City turns Internet speeds into jobs

While cities across the nation struggle to create jobs, officials in Chattanooga, Tenn., have a plan to grow its economy at the speed of light.

"We're constantly trying to get folks to move into our urban neighborhoods here in Chattanooga," Abby Garrison, from the Chattanooga Neighborhood Enterprise, said.

The city is home to most advanced smart grid in the nation, customers are enjoying Internet speeds that are almost 100 times faster than the national average.  Most Internet users in the U.S. have access to about 4.5 megabits of Internet speed. Yet the 600 square mile fiber optic grid under Chattanooga offers residents and businesses a blazing 50 megabits. Business leaders are capitalizing on the fast Internet speeds by launching two initiatives to attract bright minds to the city, create jobs and stimulate the economy.

GeekMove and the GigTank:

You might call them "Geeks" but Chattanooga civic and business leaders see this new crop of Internet wizards, software developers and computer programmers as future residents.  They are hoping their new incentive program called, "GeekMove" will attract tech 'geeks.' It's an offer loaded with paid relocation expenses and mortgage assistance.

"The thought behind the 'GeekMove' is -- we have this gig fiber here – why wouldn't people who need that gig fiber want to come take advantage of it every day," Garrison said.  "[It's] so rewarding when we do get those folks who are on board with us -- they want to be here in Chattanooga, and they want to come be a part of what's going on here."

It is a 'geeky' way to get boost business in a city known mostly for its natural scenery. The relocation offers are granted after a committee reviews potential applicants and decides who meets pre-determined criteria. It's available to people applying for tech-related jobs and those who might be interested in launching their own business in the city.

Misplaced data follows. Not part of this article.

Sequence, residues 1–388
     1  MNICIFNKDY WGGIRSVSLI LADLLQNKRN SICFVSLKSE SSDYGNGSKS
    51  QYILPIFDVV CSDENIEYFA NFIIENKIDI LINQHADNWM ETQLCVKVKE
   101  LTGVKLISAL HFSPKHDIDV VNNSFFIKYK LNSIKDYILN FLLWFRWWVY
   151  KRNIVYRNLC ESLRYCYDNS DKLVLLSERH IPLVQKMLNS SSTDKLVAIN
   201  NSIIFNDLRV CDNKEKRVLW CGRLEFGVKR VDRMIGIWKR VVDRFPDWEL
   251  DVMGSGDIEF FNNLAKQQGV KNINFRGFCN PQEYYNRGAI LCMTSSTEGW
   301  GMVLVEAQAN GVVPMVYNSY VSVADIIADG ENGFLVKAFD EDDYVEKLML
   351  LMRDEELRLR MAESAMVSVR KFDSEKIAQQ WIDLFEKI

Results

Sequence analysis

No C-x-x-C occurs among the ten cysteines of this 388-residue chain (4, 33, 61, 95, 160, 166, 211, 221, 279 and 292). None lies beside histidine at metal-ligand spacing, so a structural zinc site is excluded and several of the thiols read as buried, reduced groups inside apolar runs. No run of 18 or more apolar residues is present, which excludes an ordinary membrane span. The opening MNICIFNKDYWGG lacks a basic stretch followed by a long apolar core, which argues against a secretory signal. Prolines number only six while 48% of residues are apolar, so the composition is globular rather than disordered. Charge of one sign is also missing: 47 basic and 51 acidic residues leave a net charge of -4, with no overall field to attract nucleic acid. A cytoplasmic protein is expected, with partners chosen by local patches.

"So far we've had about 100 applications, and interest has been high," Garrison said. "We've had applications from all over the world."

Business leaders also hold summer-long competitions every year called the GigTank. Teams, made up of recent college grads and established entrepreneurs, receive $15,000 to participate in a 100-day program to develop new computer applications and improve business plans for existing companies. Past "GigTankers" created data sharing websites for scientists and language translating applications that could be used by businesses.

Jack Studer a partner at Lampost Group, a conglomerate of upstart tech-related businesses, is also one of the organizers of Gig Tank.

"It's an effort to bring entrepreneurs and students to Chattanooga -- to live in an environment with this fiber optic network and sort of explore the possibility of – what do we do with this stuff," Studer said.

Brian Trautschold also participates in the GigTank.  He is the co-founder of Fireplug, a business which personalizes news headlines through a Smartphone application. The fast Internet speeds in Chattanooga has allowed him to move a lot of data at one time.

"You can deal with a lot of data very quickly, you can analyze a lot of data quickly-- so we don't have some of the same of restrictions as companies that are based in Silicon Valley or New York and the cost is much cheaper for us to use that big data," Trautschold said. "The number one thing when you're starting a company is you have to reel in the costs. You want to do as much as cheaply as possible."

Trautschold went on to say it's created an ecosystem that is growing and he says watching more businesses come in to participate in the Gig Tank, has been inspiring.